Plugins are basically add-ons that enrich our WordPress app, providing complex behavior that is easy to install.
In order to accomplish our business goals we will need:
ShopIsle theme (because it is a shop template and built to work with some of the plugins later)
- You can customize this theme, add your own photos, create pages, set banners, but that is pretty easy, so I will not cover it in this article. But there is a great article here. But please leave a comment if you have extra questions on this and I will be happy to address them
WooCommerce (for PayPal and Credit Card checkout)
- Inside the plugin, you can add your products, set shipping or taxes, and configure the paying methods, create discount coupons and more.
- To set up PayPal checkout go on -> Set up payment -> PayPal checkout -> Set Up, there PayPal will ask you to login with your business account, and you just follow the procedure until the end, the shop is already set with WooCommerce, this will just be the final stage of purchasing a product. To clarify, while WC is free, PayPal takes 2.9%+ 30 cents for every transaction.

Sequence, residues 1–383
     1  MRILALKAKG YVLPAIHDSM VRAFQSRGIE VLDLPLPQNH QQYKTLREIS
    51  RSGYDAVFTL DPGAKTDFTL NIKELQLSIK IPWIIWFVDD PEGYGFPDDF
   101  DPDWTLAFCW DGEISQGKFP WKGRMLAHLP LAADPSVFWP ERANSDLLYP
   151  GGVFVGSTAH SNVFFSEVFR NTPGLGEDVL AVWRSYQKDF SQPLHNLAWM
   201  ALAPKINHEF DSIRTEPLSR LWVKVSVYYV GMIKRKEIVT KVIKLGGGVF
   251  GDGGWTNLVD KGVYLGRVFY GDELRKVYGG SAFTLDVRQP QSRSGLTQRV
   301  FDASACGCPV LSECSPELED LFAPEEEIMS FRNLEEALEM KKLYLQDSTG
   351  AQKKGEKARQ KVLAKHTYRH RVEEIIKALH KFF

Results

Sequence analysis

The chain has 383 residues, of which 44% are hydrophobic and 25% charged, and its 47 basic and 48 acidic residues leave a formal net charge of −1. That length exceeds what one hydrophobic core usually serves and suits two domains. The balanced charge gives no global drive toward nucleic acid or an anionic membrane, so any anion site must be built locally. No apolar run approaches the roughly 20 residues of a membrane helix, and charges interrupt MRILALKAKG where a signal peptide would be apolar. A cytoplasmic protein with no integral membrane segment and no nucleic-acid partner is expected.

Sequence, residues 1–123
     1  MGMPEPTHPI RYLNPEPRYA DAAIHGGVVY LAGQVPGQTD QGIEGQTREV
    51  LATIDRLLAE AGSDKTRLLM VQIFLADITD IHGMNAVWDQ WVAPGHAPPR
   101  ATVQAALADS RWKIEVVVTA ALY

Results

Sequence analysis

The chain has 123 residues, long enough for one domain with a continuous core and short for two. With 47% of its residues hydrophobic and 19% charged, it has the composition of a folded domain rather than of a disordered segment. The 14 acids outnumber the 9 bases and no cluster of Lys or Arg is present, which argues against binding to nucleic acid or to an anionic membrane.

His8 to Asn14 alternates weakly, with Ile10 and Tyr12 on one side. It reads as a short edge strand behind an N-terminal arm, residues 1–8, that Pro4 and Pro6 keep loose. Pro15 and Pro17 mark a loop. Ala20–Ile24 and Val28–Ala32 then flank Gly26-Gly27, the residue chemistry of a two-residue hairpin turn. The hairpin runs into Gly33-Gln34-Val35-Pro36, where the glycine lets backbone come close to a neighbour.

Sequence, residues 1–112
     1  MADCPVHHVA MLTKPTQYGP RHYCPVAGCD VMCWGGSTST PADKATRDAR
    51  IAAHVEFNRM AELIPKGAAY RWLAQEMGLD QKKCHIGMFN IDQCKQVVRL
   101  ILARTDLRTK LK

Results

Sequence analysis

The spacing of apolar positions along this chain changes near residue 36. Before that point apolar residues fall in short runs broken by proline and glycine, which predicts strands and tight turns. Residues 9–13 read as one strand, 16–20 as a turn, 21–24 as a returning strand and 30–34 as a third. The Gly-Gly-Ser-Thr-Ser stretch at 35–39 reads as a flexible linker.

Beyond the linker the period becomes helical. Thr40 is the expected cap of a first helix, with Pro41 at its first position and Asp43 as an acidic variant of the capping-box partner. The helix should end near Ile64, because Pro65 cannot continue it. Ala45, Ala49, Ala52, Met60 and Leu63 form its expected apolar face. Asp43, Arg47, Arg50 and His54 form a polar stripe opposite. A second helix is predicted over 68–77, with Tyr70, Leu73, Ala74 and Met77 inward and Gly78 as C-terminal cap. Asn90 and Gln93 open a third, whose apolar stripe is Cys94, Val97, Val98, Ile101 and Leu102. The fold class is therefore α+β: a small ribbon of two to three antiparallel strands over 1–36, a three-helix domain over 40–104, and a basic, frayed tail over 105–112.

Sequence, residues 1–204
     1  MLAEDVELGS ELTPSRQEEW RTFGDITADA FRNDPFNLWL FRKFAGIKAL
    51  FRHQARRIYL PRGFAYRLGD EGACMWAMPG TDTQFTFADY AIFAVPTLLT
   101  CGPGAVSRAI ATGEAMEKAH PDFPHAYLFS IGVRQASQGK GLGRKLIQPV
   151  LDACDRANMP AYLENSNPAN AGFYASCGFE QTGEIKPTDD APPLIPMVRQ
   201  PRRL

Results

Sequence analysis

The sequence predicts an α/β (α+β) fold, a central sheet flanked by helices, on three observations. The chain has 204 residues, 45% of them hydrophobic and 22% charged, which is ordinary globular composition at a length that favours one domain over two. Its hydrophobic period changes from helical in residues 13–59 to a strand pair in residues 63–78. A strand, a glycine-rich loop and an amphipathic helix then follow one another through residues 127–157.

- Now you're covered. Even if the buyer doesn't have a PayPal account, there is a valid second option to pay with your credit card. Your checkout procedure in the cart section will look something like this:
- You can find WooCommerce documentation on how to set a shop here.
- ShopIsle theme (because it is a shop template and built to work with some of the plugins later)
Intergeo (for integrating Google Maps API into your website)
- Go to your Intergeo plugin and create a new Map using the API key, you can set your exact location here
- The final result will be a map, with a string value on the bottom of the map tile, something like "[intergeo id="0ITM"][/intergeo]"
- Copy that, go to customize the theme, under the contact page section -> in the input field "Map shortcode" paste the value from above
- Really Simple SSL (To activate the SSL certificate you get later from a certificate authority)
- Just install it, but don't activate it until you finish the SSL configuration, or skip this step until you finish the SSL part
WPForms and WP mail SMTP (For Contact section, so you can receive and send mail)
- Go to WPForm Lite plugin, click -> Add New, and later configure the form that as you wish, the final result will have a similar string like the maps
- Copy that string, go to customize contact page, and paste the value into the "Contact form shortcode"